A team of British debaters invaded Starthcoma Hall last night and defeated the Yale varsity debating squad by a 2-1 decision.
The winning pair upheld the topic, “Resolved, That it is never in the best interests of the democracy to ban the Communist Party.”
Ronald G. Evans, of University College, North Wales, and Kennth F. Dibben, from the University of Southampton, comprised the victorious duo. Yale was represented by Robert P. Cowell and Edwin Meese III, both of the class of 1953.
Dibben spoke first, dividing the communist threat into two parts: the military and the intellectual. He explained that in the military sphere, existing treason laws can handle the danger adequately.
“The difficultly lies in the intellectual sphere,” he continued. “Intellectual freedom is necessary in a democracy. Children must be protected against subversive ideas, but the adult population must be free to form its own judgements.”
Dibben continued: “A dictatorship of the majority is not a democracy. Intellectual communism must be met by free argument. To ban the Communist Party would only send them underground. It will not deter or convert a single communist.”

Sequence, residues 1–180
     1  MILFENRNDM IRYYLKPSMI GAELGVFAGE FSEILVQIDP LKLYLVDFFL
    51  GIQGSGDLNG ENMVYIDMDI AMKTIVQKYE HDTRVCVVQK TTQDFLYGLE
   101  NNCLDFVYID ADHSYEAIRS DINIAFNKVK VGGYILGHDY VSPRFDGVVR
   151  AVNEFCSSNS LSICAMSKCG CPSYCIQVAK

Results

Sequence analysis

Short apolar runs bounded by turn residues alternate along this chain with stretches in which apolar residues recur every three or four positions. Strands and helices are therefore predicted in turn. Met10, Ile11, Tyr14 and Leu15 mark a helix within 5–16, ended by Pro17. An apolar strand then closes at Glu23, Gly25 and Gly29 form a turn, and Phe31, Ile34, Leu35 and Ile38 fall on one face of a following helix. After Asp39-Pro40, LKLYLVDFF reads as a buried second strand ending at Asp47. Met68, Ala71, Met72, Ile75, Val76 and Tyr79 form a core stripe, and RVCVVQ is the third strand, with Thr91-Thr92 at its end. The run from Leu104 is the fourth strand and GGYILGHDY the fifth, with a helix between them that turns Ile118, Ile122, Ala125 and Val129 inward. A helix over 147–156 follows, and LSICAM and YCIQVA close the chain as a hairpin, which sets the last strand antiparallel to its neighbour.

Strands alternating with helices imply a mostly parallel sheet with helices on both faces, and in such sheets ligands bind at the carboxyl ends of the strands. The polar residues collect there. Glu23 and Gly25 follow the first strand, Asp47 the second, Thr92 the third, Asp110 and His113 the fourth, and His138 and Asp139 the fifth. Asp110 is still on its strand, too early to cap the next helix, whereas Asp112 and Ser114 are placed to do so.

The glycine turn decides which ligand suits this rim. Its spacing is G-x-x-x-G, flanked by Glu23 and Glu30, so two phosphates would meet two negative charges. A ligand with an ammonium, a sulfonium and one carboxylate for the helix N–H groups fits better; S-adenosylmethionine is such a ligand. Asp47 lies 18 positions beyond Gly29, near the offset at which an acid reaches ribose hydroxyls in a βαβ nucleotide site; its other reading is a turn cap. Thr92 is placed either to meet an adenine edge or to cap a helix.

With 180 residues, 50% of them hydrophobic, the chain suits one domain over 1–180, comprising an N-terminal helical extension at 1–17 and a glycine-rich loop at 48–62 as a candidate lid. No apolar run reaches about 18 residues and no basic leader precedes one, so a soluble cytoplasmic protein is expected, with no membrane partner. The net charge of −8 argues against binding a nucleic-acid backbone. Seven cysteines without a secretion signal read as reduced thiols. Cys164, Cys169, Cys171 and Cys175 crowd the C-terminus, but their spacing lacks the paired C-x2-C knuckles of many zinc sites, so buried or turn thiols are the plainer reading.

Cowell presented the first argument for the negative. He defined the Communist Party as “any party which is a component of the Soviet Communist Party and is directed by and owes allegiance to the Soviet Communists.”
He accused the affirmative speaker of confusing the terms “intellectual communism” and “Communist Party.”
“We are not suggesting any sort of thought control. It is the inherent right of any democracy to defend itself.”
5 Communist Aims
Cowell analyzed the five “purposes” of the Party. They are: espionage, finance, sabotage, internal unrest, and propaganda. He felt that banning the Party would make it far more difficult to carry on these activities.
Evans, continuing for the affirmative, said that to ban the Party would merely drive it underground. In this case, the job of detecting the Communists would be that much harder in the case of a national emergency. Also, many liberals would tend to sympathize with them, because they would feel that the ban is injust.
A Secret Conspiracy
He concluded by saying, “Leave them in the open. What you force below ground will fester and grow there.”
Meese presented the final negative argument. He pointed out that the Communist Party is not a political party in the usual sense of the word, but a secret conspiracy, aimed at undermining our security.
The affirmative was allowed a rebuttal, since the second negative speaker had an extra five minutes to speak. Dibben accused the opposition of attempting to eliminate the communist idea by banning a label.